Elizabeth was a Latin poet who was possibly born in Chipping Norton but lived most of her life in Prague! Her early family history is very complicated but at some point between 1589 and 1591 her mother moved to Prague and married one Edward Kelley, a con-man, magician, alchemist and close associate of the infamous Dr. John Dee. In spite of the disreputable qualities of her step father, Elizabeth received an excellent Classical education. However, eventually Edward Kelley was 'rumbled' by his patron , Emperor Rudolf II, after he failed to fulfil his promises of being able to transmute base metals into gold. He was subsequently imprisoned and eventually he died of ill-treatment.
Elizabeth Weston, who was 15 at the time of his death, believed in him absolutely. She saw him as an unjustly mistreated man, and campaigned vigorously for the restitution of his property to herself and her mother. Kelley's death left her (and her mother) on their own financial resources, especially since a son, John Francis, died soon after his stepfather.
Astonishingly, she responded to this by becoming a writer. Her literary activity seems to have been conducted with complete professionalism. A very large proportion of her Latin poems consists of poems in praise of various grandees, mostly in Prague: this is exactly what one would expect from a writer in the public arena, dependent on patronage. In 1603, she married Johannes Leo of Eisenach, a lawyer. He was also interested in alchemy. Weston continued to write, while the pair had seven children (four sons and three daughters) before her early death. Three daughters survived her.
Her poetry, all written in Latin, is very much in the Classical tradition. Here is one in which she adopts the persona of the poet Ovid, who also suffered as an exile in a very foreign land. While the poem is totally in accordance with the form and traditions of Classical elegiac verse, it is, by no means a stitching together, as it were, of Ovidian tags. The language and phrases, while firmly based in the conventions of the genre, show originality and innovation.
For more see:
The Suppliant Women - review of Aeschylus’ play by the Actors Touring Company at the Exchange Theatre, Manchester, 1st April 2017
How does a trip from Sheffield to Manchester to watch a matinee performance of a Greek play compare with the Greek experience?
The Suppliant Women focusses on the Chorus of fifty women who have fled Egypt to avoid unwanted marriage to their cousins. They arrive at Argos, where the king requires a vote of the people to accept the women. (The play apparently contains the first recorded instance of the word democracy.) The people vote overwhelmingly to accept the women and the Argives protect the women when their husbands attack the city.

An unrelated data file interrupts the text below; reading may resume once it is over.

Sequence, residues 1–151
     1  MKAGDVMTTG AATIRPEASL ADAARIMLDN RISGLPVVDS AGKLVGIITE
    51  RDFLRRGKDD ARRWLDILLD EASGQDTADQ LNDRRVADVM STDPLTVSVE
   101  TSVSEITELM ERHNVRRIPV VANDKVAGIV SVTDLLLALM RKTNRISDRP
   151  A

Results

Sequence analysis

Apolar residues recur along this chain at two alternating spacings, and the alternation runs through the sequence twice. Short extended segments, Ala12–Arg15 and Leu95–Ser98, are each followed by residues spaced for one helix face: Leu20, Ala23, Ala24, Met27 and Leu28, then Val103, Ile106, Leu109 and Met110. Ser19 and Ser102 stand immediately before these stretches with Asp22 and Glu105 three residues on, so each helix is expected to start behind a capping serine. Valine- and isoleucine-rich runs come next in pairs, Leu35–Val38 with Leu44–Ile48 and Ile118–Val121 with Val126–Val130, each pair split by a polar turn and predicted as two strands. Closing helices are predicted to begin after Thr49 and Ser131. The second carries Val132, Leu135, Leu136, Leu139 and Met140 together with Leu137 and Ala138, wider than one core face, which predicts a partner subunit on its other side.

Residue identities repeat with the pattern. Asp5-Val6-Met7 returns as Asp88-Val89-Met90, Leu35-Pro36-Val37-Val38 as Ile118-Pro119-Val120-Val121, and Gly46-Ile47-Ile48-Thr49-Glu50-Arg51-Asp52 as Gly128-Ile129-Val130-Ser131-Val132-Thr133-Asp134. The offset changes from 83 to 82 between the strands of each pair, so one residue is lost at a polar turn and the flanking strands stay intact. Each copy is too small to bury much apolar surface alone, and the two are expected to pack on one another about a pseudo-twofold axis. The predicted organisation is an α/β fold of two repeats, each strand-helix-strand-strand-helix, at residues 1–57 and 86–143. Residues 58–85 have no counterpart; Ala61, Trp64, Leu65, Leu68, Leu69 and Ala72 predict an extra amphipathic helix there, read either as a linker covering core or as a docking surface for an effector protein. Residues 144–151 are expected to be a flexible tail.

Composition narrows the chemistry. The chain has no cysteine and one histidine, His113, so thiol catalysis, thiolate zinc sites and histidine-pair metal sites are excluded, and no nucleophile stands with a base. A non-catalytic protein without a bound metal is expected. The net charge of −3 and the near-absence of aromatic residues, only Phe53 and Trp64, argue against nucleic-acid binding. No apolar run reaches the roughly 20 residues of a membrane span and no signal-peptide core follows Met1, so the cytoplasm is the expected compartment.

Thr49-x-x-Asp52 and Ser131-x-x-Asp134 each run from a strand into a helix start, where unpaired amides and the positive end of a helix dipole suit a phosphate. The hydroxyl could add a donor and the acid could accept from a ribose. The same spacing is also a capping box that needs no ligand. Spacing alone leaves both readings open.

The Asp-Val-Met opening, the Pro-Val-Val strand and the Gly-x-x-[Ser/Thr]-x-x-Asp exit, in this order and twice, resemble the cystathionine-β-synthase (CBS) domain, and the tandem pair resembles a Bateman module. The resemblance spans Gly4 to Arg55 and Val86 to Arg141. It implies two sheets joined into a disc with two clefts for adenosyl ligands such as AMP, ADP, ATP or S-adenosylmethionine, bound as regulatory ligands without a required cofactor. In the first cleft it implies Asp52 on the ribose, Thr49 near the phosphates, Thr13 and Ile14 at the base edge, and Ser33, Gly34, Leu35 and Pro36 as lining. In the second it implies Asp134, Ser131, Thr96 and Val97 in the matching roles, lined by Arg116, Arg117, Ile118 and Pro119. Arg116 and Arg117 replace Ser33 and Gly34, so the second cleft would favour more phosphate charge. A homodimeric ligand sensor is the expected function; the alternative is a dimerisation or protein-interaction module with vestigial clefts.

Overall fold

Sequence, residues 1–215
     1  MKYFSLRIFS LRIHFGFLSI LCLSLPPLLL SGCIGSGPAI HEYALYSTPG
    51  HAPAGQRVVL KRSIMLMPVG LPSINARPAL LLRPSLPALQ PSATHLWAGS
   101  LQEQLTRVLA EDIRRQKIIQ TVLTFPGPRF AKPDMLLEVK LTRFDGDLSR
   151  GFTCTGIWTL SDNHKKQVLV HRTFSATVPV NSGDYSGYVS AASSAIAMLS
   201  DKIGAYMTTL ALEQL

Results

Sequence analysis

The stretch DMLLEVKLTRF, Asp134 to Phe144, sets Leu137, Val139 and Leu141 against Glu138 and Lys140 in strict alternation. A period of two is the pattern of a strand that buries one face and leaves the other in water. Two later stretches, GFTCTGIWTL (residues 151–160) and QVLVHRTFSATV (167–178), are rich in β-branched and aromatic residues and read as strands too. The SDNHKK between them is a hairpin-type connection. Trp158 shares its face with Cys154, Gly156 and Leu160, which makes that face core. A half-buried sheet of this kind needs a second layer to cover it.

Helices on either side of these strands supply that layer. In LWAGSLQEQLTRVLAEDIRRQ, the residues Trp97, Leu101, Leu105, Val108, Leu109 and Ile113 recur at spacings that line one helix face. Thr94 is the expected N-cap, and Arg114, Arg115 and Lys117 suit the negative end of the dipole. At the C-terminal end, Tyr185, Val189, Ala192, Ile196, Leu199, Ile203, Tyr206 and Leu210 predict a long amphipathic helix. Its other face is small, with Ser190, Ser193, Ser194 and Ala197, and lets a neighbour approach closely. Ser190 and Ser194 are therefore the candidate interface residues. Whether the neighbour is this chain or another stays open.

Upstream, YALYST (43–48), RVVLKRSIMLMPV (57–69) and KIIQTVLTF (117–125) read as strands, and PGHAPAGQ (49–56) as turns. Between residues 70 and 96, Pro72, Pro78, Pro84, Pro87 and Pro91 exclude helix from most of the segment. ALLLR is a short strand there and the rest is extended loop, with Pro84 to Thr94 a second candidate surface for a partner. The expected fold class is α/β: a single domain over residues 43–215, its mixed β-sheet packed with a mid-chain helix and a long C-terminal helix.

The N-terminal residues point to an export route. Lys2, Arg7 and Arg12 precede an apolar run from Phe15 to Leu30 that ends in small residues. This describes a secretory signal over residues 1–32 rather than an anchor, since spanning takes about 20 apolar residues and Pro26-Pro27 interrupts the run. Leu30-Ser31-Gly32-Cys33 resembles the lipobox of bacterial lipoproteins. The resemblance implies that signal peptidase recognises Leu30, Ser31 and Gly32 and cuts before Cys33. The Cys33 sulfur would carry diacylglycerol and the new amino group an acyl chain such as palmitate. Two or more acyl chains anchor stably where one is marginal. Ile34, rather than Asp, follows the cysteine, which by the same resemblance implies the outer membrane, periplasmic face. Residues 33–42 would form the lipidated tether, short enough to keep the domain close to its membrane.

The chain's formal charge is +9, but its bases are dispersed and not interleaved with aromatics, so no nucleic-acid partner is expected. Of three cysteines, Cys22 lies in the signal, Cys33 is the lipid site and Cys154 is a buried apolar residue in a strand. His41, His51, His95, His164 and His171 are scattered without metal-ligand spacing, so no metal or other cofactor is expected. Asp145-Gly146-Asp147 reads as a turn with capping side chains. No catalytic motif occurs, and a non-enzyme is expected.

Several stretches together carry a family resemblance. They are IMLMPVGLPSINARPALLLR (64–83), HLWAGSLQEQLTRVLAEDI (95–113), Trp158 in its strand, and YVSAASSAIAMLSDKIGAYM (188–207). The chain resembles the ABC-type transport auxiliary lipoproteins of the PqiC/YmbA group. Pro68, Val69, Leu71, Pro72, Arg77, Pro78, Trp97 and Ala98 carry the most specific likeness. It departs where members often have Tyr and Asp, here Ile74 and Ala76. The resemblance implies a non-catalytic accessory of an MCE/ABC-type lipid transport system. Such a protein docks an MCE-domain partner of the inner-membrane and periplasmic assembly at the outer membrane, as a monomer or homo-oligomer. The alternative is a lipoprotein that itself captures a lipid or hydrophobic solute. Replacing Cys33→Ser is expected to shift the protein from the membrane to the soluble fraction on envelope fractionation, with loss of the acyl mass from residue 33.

We were told at the start of the play that the Chorus was made up of local volunteers, and a libation of wine was poured around the stage. Their verse was sung as they moved and danced rhythmically to a specially composed percussion accompaniment. The effect was stunning with over twenty young women filling the stage. The music reflected the mood of the words, with a particularly affecting keening song as they fearfully watched the ships of their cousins approach Argos.
The play had strong contemporary relevance. The women were refugees and suffering abuse at the hands of their future husbands - there was a strong feminist element in the production.
So, although the theatre was not on a sunny hillside with glorious views over the sea or mountains, the production was carefully staged to mirror many of the Greek roots of drama. The volunteer chorus members, libations, the music and movement - this was a very physical performance - together with the contemporary relevance combined to give a feeling of sharing the ancient experience.
There is still the puzzle of why the women form the centrepiece of so many Greek dramas - a discussion to be picked up another day, perhaps.
Kath O'Donovan (U3A Classical groups)